The idea of "positive deviance" has been around for some time, and it has been successfully used in making positive changes in seemingly intractable problems ranging from malnourished children in Vietnam to lowering the rate of hospital infections to solving business concerns in major corporations.
Now there is a book that brings all the information about positive deviance together, including many case studies from the field. The book is The Power of Positive Deviance: How Unlikely Innovators Solve the World's Toughest Problems, by Richard Pascale, Jerry Sternin, Monique Sternin (Harvard Business Press, 2010).
Simple but Complex
Positive deviance is both simple and complex. It involves the identification of people who manage to thrive in a situation where most fail; figuring out what those people are doing that is different from the majority; and then getting everyone to engage in the same actions, thereby solving the problem.
The best known example of positive deviance is the story of how Jerry Sternin and his wife Monique used the technique in Vietnam to turn around a dire situation where children were dying of malnutrition. The Sternins worked for Save the Children and were given only six months by the Vietnamese government to get results. There was no time for studies and approaches that would attack "root causes." They needed a fast, simple, approach that would save lives within a short period of time.
The Sternins used the positive deviance approach by helping people in one village realize that there were children who, despite living in an identical situation as everyone else, nevertheless managed to thrive. Once the "positive deviants" were identified, their feeding practices were observed to identify what was different from the norm. They found that the parents of these children were supplementing their diets with small shrimp, crabs, and some greens gleaned from the rice paddies; that the children were fed small portions several times a day; and that the parents washed their children's hands and their own frequently during feeding times.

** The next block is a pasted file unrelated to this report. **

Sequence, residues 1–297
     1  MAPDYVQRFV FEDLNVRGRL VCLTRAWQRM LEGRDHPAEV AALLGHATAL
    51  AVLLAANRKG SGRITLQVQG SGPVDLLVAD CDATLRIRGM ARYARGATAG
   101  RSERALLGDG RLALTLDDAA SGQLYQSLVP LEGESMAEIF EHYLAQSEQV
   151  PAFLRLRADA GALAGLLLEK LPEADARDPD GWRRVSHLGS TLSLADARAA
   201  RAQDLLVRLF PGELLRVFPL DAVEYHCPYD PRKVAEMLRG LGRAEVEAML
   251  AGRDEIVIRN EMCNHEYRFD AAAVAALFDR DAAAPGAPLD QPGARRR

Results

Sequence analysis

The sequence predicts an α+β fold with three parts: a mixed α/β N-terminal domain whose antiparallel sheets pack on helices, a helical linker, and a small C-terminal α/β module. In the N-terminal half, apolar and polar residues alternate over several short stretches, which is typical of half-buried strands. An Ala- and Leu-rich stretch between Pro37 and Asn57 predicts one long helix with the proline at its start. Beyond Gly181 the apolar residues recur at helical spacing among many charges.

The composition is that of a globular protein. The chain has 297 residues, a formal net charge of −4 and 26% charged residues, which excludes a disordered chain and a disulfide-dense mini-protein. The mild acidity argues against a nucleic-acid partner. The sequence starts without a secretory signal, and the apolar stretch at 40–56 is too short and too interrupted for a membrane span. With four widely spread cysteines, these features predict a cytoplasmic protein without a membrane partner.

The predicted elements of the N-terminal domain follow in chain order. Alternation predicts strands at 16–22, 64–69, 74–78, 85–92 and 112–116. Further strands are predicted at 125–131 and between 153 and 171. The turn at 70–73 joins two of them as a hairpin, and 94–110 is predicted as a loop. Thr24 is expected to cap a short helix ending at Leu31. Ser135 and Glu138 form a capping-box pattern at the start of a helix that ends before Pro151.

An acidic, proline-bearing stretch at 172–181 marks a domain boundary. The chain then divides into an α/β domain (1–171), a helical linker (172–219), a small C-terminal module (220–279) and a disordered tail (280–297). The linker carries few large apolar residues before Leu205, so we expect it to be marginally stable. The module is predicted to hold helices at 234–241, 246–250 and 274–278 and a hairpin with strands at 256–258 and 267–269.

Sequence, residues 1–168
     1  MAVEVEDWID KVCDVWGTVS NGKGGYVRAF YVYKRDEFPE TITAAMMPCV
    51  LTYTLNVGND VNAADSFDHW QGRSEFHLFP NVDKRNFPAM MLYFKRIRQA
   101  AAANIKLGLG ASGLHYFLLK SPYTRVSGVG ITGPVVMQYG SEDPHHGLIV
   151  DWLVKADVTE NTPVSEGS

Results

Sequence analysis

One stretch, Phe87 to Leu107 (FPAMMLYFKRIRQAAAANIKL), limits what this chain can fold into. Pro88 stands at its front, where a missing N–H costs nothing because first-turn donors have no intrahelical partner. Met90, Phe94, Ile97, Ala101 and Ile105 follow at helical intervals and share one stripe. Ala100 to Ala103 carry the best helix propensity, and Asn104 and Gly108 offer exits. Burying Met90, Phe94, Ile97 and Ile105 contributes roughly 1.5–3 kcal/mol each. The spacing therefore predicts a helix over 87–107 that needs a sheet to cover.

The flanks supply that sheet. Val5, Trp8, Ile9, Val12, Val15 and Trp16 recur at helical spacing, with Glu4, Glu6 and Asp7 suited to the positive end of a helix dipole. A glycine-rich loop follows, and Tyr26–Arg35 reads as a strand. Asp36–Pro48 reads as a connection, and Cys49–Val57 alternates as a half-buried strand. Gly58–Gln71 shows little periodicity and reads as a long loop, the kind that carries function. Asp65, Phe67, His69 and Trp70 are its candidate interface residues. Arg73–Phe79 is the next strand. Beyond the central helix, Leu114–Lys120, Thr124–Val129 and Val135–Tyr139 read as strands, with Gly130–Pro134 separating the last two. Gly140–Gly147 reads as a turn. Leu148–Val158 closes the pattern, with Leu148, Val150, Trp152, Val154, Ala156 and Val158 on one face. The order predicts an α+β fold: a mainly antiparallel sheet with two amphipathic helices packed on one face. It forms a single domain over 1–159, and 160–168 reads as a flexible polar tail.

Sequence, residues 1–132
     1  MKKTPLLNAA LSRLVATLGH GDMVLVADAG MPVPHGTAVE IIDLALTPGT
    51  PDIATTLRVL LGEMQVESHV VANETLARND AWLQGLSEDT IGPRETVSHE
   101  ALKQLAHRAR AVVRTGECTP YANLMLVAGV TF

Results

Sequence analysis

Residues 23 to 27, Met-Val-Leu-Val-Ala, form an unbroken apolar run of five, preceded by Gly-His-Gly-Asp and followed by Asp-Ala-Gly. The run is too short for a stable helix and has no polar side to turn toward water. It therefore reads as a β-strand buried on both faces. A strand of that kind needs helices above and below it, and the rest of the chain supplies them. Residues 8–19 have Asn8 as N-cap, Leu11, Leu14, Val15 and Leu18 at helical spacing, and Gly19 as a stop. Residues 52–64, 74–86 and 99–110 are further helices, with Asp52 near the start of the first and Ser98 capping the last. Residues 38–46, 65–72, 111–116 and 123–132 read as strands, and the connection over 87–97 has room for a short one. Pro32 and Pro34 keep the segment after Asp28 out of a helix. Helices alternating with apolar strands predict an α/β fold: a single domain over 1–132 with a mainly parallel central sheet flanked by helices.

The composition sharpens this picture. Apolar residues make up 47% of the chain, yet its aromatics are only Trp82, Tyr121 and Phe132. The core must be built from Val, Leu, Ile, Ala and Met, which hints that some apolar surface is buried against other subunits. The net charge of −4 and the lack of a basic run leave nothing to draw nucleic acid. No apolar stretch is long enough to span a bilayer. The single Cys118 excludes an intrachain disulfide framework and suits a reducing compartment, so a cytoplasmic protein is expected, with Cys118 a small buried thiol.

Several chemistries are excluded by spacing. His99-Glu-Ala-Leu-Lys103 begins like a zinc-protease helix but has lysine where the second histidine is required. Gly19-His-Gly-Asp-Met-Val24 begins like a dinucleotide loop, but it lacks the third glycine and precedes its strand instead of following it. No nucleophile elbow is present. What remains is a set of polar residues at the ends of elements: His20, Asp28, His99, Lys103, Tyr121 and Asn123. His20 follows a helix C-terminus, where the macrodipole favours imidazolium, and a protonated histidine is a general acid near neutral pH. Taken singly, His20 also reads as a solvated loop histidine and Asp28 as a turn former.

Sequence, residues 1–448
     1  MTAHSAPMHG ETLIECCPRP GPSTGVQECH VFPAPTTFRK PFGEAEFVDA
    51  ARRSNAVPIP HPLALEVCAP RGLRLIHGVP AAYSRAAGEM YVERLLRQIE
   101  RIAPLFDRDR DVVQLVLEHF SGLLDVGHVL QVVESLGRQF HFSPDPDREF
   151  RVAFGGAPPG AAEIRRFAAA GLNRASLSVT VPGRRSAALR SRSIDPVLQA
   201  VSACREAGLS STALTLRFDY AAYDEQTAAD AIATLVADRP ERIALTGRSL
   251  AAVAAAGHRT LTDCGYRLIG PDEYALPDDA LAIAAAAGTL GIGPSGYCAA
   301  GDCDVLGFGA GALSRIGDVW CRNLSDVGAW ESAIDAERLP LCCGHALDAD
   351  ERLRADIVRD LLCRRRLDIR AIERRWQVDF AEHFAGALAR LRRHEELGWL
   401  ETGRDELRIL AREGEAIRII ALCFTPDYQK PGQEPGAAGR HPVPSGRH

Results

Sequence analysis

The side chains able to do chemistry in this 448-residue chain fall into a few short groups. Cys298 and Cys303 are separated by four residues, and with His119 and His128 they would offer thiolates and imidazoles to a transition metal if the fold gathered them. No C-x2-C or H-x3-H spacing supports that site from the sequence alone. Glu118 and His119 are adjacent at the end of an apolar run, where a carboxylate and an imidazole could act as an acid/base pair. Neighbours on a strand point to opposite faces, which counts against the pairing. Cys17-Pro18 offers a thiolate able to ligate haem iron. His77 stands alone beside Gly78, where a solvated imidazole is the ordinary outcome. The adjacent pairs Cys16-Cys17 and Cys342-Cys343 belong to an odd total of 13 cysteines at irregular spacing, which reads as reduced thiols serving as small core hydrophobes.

People of that village then ran workshops where parents learned how to use these behaviors to benefit their own children. The results were quite encouraging, and the model was extended to other villages. The people themselves had discovered their own strengths, taught those to their neighbors and were, at long last, freed from the cycles of boom and bust that usually accompany outside aid. They had a sustainable process in place that only they were responsible for.
Although simple on the surface, the positive deviance method is actually quite revolutionary and requires considerable change in behavior on the part of the outside helpers and within the culture itself. The Sternins had to forgo their role as "experts" and let the villagers discover the answers themselves. The local culture had to overcome an innate dread of outsiders and several cultural habits.